By Sarah Lacy, Assistant Professor of Anthropology, and Michael Smith, Adjunct English Instructor

The fall 2016 semester is just beginning, and we are celebrating the Labor Day Holiday. Students are likely focused on getting their textbooks and nailing down their financial aid; however, many students may not be aware of another aspect of our campus that is likely to impact the learning experiences they will have at the University of Missouri-St. Louis. All classes of faculty—adjunct instructors, non-tenure track professors, and tenure-track/tenured professors—are fighting to exercise their right to unionize. We want a union because through years of budget crises and state-level funding cuts, the percentage of your tuition dollars that goes to the professors you interact with daily has been decreasing.

  • Adjunct instructors are not paid a living wage. In the college of Arts and Science, they earn between $3000-$3300 per class per semester that they teach, and they have no guarantee that their contract will be renewed the next semester. They often must teach courses at multiple universities to cobble together an income. This limits the time they can devote to your course and to you as an individual. They are the most exploited class of faculty in academia and adjuncts at other local universities (e.g., Washington University, St. Louis University, St. Charles Community College, St. Louis Community College) have already voted to unionize.
  • Non-tenure track (NTT) faculty will never be given the protection of tenure, an important feature of many full time faculty members’ contracts, which protects their right to pursue rigorous research free from the constraints of university politics.  Many NTT faculty members are also denied sufficient resources to conduct academic research. NTT faculty are paid considerably less than tenure-track faculty and must teach additional courses despite often having equivalent qualifications. Their contracts are yearly, and they can be let go at any time without just cause. Their precarity affects whether the courses you need in order to complete your degree will be available in future semesters.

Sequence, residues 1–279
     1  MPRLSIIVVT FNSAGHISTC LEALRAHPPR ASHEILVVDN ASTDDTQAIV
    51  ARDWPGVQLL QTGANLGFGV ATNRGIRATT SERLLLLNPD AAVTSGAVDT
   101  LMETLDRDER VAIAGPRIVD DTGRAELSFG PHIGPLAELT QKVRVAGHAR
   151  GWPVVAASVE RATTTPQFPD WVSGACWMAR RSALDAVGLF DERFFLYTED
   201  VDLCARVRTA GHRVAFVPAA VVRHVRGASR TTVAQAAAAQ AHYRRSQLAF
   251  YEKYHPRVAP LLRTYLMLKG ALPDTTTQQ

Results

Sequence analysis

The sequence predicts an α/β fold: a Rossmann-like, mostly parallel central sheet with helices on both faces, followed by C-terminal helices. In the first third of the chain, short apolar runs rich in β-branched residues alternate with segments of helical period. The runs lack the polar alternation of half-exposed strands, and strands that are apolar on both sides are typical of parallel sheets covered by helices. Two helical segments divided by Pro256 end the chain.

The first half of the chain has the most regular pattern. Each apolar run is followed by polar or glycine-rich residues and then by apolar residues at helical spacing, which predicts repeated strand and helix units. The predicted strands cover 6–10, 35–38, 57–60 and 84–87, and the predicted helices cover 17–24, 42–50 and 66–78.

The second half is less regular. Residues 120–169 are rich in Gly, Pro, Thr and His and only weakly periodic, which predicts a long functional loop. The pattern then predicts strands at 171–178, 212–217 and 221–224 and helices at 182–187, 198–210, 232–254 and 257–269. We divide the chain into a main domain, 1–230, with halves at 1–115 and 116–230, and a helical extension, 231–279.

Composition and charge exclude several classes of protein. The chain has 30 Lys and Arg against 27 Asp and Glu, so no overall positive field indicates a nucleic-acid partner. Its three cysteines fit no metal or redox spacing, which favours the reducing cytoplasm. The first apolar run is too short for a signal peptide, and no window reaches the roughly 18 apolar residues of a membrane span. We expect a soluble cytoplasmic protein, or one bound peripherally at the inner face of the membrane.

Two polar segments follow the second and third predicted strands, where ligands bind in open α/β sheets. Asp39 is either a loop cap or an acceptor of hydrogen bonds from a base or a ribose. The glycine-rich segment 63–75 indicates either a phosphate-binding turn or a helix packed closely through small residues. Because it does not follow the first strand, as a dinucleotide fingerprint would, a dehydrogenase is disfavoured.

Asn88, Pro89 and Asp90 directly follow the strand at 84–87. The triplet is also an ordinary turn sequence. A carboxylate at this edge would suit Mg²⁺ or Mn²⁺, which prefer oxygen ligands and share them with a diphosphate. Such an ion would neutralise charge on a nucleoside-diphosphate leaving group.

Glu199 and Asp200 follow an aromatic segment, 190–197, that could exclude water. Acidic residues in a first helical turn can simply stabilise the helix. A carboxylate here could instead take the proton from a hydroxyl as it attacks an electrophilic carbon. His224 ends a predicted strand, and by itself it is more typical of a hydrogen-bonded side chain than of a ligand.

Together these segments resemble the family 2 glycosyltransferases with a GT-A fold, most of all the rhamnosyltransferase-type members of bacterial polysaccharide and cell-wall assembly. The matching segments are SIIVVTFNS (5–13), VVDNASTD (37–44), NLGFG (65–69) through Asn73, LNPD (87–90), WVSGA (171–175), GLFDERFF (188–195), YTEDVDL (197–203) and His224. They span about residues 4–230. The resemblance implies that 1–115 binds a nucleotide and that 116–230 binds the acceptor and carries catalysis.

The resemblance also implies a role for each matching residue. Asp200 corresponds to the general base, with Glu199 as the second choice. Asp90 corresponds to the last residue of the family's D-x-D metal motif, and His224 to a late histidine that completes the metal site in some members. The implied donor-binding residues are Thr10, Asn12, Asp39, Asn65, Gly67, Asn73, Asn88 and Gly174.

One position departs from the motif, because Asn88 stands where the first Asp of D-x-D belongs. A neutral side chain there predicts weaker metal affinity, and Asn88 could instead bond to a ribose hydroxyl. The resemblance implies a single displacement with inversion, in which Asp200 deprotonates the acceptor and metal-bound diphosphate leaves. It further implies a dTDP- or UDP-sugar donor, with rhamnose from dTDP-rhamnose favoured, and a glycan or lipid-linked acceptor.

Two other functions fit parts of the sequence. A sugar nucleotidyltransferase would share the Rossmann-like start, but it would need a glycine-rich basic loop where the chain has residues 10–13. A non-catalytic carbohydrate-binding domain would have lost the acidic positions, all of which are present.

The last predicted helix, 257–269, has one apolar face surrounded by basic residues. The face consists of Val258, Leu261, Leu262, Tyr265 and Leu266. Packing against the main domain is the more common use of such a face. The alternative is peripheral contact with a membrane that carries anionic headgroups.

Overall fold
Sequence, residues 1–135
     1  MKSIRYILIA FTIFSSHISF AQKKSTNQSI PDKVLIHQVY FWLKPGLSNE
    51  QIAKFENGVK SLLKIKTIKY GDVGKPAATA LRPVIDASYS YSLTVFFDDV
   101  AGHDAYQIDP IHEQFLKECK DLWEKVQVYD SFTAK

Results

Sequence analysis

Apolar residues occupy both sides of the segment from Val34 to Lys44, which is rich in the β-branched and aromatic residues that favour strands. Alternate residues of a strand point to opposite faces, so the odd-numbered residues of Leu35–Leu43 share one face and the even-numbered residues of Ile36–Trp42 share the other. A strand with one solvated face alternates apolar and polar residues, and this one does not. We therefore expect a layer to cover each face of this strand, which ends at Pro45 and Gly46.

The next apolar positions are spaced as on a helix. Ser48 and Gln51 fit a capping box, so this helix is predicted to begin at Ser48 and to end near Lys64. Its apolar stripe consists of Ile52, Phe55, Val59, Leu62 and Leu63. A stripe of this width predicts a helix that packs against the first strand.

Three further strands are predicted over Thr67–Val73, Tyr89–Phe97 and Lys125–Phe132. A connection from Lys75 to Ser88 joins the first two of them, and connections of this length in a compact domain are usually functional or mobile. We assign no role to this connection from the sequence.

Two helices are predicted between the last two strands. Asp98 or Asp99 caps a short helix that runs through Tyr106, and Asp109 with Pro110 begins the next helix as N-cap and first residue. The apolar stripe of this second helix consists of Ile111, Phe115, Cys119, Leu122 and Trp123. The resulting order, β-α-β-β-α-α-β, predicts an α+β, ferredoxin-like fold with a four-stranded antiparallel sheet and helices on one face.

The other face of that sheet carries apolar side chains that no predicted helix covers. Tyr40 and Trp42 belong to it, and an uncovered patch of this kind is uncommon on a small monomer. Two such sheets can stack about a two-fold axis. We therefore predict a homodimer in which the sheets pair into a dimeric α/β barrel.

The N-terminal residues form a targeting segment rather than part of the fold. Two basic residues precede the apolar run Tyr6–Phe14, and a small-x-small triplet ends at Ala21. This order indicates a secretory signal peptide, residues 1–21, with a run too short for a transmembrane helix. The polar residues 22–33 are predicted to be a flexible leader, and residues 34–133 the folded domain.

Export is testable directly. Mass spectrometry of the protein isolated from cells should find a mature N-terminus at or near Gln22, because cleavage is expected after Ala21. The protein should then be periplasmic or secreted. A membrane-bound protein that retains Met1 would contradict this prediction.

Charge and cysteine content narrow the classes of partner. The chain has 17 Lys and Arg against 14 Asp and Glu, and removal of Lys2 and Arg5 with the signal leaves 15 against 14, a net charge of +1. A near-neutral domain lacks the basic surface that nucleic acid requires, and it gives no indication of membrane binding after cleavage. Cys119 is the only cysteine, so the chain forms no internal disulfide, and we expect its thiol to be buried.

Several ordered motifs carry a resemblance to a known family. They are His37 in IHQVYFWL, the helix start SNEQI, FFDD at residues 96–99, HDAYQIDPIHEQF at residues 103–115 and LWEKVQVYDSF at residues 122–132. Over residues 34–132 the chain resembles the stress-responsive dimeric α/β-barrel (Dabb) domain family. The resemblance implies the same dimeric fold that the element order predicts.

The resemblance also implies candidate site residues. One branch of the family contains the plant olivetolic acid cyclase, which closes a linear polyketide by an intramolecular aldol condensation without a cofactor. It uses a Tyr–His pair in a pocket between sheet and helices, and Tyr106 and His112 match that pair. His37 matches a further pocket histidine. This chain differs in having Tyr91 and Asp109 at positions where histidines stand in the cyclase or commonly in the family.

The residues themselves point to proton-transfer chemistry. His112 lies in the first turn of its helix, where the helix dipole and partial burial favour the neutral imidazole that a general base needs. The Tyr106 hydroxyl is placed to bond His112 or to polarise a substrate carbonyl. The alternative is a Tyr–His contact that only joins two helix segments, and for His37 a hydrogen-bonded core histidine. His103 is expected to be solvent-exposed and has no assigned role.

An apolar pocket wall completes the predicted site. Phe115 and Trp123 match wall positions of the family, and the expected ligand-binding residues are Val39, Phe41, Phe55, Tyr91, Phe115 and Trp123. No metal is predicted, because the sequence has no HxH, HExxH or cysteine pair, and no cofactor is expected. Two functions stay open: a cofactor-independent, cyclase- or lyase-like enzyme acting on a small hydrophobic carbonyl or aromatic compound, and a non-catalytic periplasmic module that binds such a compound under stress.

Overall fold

• Tenure track faculty suffer from severe salary compression, which essentially punishes them for staying at the institution—they go without a raise or cost-of-living adjustment every year that they could have gotten it if they went to another university. The mean assistant professor salary at UMSL is nearly $7000 lower than the national average for four-year state universities (The Chronicle of Higher Education 2014 figures), and faculty in the social sciences and humanities are paid considerably less than even the campus average. Being a professor is no longer an upper middle class profession; however, our chancellor earned $319,802 last year–more than five times the average salary of an assistant professor and almost eight times higher than the average NTT.
  • We have had a hiring freeze for two years, so positions that were previously unfilled have remained empty, and faculty who are leaving for better paying positions are not being replaced. This limits student course options and increases the service responsibilities of those faculty who stay, limiting the attention they can devote to students’ needs.